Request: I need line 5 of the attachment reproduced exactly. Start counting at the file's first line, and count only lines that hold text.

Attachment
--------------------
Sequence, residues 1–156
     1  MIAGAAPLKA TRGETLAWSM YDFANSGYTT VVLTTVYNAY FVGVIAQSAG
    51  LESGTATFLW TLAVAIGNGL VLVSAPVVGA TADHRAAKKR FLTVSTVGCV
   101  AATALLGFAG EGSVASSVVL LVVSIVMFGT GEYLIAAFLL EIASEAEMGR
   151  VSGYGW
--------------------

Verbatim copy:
   151  VSGYGW